The New America Foundation, a prominent think tank in DC, is facing scrutiny over its decision to sever ties with a program that was critical of a major funder, in this case Google.
Libby Watson, writing for SplinterNews, notes that the exposure and fallout is all too typical of how corporate money influences think tank research in Washington. As someone who has followed the fossil fuel lobby’s funding of climate denial think tanks, in particular, I couldn’t agree more.
Unfortunately, when public interest think tanks (and advocacy groups) have undisclosed conflicts of interest exposed, they tend to react defensively rather than constructively. In New America’s case, the organization compared the New York Times’s initial report to “fake news” and questioned the behavior and motivations of Barry Lynn, the head of the team of scholars who were fired.
New America’s president and CEO Anne-Marie Slaughter doubled down on some of these assertions on Friday. Interestingly, Slaughter shared more details about a process of pre-screening and advanced notice for Google that she sought to impose on Lynn, in this case for a public statement he issued praising an EU anti-monopoly ruling against Google. Slaughter says she had no intention to censor Lynn, but pre-screening and advance notice policies are often used to censor researchers, including at federal science agencies. Similarly, such advance notice processes have come under scrutiny when fossil fuel companies have funded research, too. Even under the best circumstances, including when the people involved have good intentions and feel they’re working in the public interest, such reviews encourage researchers to self-censor.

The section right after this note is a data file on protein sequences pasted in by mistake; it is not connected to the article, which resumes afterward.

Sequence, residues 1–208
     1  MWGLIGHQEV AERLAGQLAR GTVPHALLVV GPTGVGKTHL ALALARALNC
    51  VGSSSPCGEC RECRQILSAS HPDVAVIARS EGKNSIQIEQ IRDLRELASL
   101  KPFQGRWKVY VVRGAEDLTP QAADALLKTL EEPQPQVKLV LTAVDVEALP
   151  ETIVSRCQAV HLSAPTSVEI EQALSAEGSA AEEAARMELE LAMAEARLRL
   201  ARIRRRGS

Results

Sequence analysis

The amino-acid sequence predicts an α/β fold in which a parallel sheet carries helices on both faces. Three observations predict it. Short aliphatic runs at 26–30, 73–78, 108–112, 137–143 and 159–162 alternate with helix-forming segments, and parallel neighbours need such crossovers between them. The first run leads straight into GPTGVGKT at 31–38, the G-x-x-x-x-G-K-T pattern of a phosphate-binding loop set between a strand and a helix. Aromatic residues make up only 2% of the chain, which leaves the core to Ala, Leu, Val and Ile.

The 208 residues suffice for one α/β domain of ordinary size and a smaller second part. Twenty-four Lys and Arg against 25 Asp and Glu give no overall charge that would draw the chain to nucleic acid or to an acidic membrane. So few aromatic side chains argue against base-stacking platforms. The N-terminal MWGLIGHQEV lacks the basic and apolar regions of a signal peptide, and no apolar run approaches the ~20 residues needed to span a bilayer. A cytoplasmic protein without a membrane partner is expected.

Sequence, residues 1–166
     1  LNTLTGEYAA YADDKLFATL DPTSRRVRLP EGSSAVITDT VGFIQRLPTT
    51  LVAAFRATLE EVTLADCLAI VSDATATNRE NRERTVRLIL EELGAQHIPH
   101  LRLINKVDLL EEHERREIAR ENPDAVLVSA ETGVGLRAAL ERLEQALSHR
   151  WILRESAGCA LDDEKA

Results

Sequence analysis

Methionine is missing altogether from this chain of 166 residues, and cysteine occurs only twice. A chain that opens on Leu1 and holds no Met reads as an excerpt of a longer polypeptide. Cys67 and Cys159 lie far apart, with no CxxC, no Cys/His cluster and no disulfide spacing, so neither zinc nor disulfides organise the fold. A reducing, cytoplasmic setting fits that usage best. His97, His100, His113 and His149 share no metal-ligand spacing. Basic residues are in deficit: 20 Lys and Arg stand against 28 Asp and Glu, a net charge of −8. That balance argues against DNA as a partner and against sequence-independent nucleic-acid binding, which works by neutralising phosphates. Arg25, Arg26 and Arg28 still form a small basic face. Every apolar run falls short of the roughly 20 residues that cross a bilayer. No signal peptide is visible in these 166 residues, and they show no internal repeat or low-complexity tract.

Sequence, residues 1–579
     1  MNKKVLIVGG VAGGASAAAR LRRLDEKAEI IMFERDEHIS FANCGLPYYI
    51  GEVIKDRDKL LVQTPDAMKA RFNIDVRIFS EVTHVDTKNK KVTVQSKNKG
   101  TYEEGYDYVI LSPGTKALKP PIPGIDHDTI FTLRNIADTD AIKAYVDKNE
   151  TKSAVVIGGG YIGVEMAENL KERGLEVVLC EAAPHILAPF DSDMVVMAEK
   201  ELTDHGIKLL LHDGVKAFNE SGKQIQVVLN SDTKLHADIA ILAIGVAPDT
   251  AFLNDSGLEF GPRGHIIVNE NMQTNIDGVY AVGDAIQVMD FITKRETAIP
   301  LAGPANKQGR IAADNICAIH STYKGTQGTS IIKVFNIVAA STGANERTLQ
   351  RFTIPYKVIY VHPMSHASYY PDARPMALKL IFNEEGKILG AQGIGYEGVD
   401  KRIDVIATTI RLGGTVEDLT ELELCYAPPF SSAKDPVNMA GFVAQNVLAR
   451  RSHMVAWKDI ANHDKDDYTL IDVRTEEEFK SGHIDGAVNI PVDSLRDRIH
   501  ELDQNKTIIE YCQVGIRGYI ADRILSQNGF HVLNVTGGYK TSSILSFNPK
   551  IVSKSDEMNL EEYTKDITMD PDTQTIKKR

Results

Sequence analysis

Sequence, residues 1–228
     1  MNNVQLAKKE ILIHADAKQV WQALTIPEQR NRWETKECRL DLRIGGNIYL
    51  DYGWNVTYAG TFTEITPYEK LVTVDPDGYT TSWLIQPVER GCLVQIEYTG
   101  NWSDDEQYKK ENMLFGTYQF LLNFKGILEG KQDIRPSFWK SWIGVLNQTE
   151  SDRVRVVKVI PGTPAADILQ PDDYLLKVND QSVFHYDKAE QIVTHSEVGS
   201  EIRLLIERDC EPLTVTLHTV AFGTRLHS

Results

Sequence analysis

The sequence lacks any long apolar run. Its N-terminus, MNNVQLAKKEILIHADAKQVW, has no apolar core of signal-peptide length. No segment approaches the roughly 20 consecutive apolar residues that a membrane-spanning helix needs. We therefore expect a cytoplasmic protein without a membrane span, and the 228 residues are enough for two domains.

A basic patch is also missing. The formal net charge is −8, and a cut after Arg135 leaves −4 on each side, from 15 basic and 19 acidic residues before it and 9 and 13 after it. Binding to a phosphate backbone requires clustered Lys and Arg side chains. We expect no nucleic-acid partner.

So instead of responding defensively, public interest think tanks should realize they have a problem and try to solve it. They surely can’t stop the influence corporate money has on politics. Many also feel they can’t afford to do their work at the scale they’d like to without taking corporate money. But for think tanks that do take corporate money, what they can do is make those funding relationships more transparent and free of conflict.
So here’s an idea for how the New America Foundation should have responded:
“The New York Times has raised serious questions about our organization’s funding from Google and how we treated scholars who are critical of the company’s actions. As a public interest institution that influences policymaking, we understand that responding to this scrutiny is part of our job.
“Think tanks and other groups that seek to influence policy haven’t done enough to examine the implications that corporate sponsorship has for our work. This is an increasingly fraught area and we need to do more. As public funding for independent scholarship has shrunk, companies have stepped in to fill the gap. In many cases, this has led to companies exerting undue influence on research and public communication from scholars. While we stand by our work and our decisions, we have to recognize that organizations that take corporate money to sponsor scholarship, including think tanks, advocacy groups and universities, risk losing public trust. We need to do better.
“In the coming months, the New America Foundation will create a set of conflict of interest and transparency policies that will govern all of our funding relationships. We’ll publish those policies in draft form online and solicit feedback and comments all along the way from subject matter experts, journalists, our peers, and the public. We hope that in doing so, we can begin to identify and implement a new set of best practices in our field. Our ability to serve the public and to continue to do good work demands it.”
Maybe the New America Foundation will get there. Maybe another think tank or advocacy group will first. But this definitely won’t be the last story I read about a corporate conflict of interest at a DC think tank.Continue reading
Yesterday, I posted a quick series of Tweets in response to Bret Stephens’s latest climate column for the New York Times. I was surprised to see my musings get so much traction, including shares from journalists, editors, scholars and thoughtful, passionate people who are fed up with our society’s inability to address climate change.